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Jeff Lipsky's 'Mad Women' explores complex familial relationships

Kelsey Lynn Stokes plays Nevada Smith, daughter of

Kelsey Lynn Stokes plays Nevada Smith, daughter of Christina Starbuck's Harper Smith, in "Mad Women," by Jeff Lipsky. Credit: Plainview Pictures

For about six hours on a Saturday morning in September, Huntington's Cinema Arts Centre served as headquarters for a bizarre political campaign by a rogue candidate named Harper Smith. With a camera looming before her, she reviewed her talking points, which included a plan to secede from the United States.

The speech played well with the crowd, but don't worry: Huntington isn't going anywhere. Smith is a fictional character, played by the actress Christina Starbuck, and her 150 supporters were merely extras. They had assembled to shoot a roughly 15-minute stump speech that would become a crucial scene in "Mad Women," the latest movie from Plainview-raised filmmaker Jeff Lipsky.

"Mad Women" follows Harper Smith as she runs for office in wealthy Iris Glen, a fictional New York suburb. The campaign isn't the only thing complicating her life. For starters, she just got out of jail for attempting to kill someone. Her husband, Richard (Reed Birney), is now heading into jail himself, for statutory rape. And most troubling, Harper is having an affair with her 24-year-old daughter, Nevada (Kelsey Lynn Stokes, a Canadian newcomer).

" 'Mad Women' is, like all of my films, a film about family," says Lipsky. "All of them involve relationships between mothers and daughters -- tenuous relationships, reunions, broken relationships, happy relationships."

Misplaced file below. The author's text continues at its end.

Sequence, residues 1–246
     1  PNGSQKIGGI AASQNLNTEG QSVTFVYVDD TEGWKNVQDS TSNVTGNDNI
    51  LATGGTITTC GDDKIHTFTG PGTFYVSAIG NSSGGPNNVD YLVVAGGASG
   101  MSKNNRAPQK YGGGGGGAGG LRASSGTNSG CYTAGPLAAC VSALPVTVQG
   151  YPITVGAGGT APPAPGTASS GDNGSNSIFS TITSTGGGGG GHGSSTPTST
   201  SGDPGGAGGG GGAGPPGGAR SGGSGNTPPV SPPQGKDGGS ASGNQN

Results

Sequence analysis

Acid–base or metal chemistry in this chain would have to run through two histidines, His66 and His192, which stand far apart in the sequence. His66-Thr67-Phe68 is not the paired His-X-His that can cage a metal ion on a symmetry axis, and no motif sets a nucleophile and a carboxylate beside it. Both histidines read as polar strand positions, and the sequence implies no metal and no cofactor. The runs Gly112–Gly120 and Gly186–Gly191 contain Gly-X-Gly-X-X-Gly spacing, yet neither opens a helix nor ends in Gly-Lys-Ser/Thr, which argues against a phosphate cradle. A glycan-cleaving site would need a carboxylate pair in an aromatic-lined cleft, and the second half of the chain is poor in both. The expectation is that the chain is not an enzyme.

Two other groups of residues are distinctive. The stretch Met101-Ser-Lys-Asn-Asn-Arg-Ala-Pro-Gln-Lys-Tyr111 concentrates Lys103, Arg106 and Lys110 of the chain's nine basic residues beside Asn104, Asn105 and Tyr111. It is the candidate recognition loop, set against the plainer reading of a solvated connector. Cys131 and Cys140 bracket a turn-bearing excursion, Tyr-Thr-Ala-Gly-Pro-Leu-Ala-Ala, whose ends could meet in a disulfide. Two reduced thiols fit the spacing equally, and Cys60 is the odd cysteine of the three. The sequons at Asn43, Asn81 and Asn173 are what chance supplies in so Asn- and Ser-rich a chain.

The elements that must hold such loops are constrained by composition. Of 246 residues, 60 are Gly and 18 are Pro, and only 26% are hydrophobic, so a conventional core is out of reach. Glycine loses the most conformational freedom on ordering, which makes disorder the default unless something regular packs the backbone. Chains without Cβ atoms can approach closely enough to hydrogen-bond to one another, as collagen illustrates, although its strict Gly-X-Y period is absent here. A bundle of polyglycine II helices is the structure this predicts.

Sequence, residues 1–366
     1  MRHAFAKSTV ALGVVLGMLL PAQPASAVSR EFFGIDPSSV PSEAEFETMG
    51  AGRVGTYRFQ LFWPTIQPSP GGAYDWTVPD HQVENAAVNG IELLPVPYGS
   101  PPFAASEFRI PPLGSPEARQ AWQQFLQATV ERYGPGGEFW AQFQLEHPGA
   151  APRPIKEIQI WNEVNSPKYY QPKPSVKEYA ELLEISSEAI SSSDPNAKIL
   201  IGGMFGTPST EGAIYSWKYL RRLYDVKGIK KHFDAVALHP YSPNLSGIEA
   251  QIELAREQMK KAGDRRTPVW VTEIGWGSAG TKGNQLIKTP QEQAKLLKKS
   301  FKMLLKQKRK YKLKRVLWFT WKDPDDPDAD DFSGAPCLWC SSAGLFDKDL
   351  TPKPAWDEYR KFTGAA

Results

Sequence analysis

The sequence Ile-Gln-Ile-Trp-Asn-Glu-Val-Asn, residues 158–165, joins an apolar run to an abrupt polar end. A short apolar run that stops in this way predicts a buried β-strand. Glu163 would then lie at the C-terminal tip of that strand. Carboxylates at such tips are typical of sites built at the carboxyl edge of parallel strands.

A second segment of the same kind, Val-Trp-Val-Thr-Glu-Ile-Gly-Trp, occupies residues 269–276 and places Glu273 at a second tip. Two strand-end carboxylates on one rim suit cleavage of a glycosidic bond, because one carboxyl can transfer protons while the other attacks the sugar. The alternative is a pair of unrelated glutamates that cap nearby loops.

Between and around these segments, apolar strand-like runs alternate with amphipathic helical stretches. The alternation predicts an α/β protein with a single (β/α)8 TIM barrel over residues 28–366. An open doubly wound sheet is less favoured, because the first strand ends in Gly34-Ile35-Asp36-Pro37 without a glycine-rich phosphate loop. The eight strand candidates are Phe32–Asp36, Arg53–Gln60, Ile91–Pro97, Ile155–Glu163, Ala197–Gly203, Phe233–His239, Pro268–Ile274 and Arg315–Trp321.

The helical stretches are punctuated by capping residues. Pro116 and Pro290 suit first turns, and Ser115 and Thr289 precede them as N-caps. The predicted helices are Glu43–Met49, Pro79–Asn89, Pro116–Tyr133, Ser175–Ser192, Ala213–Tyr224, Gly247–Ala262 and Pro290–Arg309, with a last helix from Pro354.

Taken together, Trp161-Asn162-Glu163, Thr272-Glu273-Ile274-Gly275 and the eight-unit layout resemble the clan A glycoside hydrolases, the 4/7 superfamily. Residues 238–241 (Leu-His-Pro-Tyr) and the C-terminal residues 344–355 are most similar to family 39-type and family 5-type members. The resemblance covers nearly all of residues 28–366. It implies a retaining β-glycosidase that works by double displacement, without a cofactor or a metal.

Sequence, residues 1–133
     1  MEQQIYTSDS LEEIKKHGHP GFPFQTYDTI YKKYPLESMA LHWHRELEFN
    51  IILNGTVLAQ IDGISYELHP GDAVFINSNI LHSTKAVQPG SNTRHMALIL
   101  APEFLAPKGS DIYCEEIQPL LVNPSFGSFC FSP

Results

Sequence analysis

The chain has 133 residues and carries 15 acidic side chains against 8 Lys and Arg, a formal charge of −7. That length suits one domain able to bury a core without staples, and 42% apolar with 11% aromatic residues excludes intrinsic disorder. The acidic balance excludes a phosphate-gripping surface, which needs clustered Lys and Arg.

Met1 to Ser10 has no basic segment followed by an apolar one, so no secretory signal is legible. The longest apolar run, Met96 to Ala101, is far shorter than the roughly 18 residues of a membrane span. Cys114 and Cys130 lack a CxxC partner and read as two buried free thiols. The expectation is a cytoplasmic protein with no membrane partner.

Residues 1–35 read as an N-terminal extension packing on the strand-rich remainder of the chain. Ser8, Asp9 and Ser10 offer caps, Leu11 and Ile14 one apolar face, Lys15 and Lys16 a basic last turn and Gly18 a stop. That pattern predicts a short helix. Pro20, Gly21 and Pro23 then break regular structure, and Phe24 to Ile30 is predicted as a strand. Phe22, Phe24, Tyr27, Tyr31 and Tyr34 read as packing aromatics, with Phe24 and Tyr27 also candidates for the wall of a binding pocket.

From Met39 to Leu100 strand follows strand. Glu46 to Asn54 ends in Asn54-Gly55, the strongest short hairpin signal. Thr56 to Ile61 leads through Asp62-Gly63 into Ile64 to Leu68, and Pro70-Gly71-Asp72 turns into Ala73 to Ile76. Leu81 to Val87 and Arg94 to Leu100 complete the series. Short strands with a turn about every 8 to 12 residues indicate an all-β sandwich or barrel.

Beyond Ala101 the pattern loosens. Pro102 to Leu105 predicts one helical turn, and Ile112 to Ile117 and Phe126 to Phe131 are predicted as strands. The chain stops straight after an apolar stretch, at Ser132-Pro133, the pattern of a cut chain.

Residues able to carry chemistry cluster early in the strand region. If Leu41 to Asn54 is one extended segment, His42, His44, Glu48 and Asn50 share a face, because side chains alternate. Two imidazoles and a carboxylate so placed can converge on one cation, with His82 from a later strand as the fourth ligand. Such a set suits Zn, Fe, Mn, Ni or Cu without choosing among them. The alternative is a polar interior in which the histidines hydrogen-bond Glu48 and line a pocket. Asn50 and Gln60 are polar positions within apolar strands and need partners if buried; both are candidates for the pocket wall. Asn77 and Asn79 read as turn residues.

"Mad Women" is the kind of challenging, highly personal film that Lipsky has been involved with -- in one form or another -- since he helped distribute John Cassavettes' "A Woman Under the Influence" in 1974. As a co-founder of October Films, Lipsky brought movies like Lars Von Trier's "Breaking the Waves," David Lynch's "Lost Highway" and Lisa Cholodenko's "High Art" to wider audiences during the 1990s. Eventually, he began making his own low-budget films. "Mad Women" is Lipsky's sixth feature, made for $120,000. In a time-honored indie-film tradition, Lipsky charged much of it to his personal credit cards.

Despite his limited funds, Lipsky has worked with a number of recognizable actors, including Jonathan Groff and Mamie Gummer. Birney, a veteran stage and television actor whose recent roles include the villain Tom Connolly on NBC's "The Blacklist" and U.S. Vice President Donald Blythe on Netflix's "House of Cards," has now made three films with Lipsky, following "Twelve Thirty" (2010) and "Molly's Theory of Relativity" (2013).

"His stuff is challenging, in that it's very dialogue-driven," Birney says. "He says that I 'get' his style. I don't know what that is, but I'm happy to get it."

WHEN | WHERE "Mad Women" opens Friday at Cinema Arts Centre, 423 Park Ave., Huntington. Filmmaker Jeff Lipsky will attend all showings Friday through Sunday. Tickets are $12. 631-423-7611;

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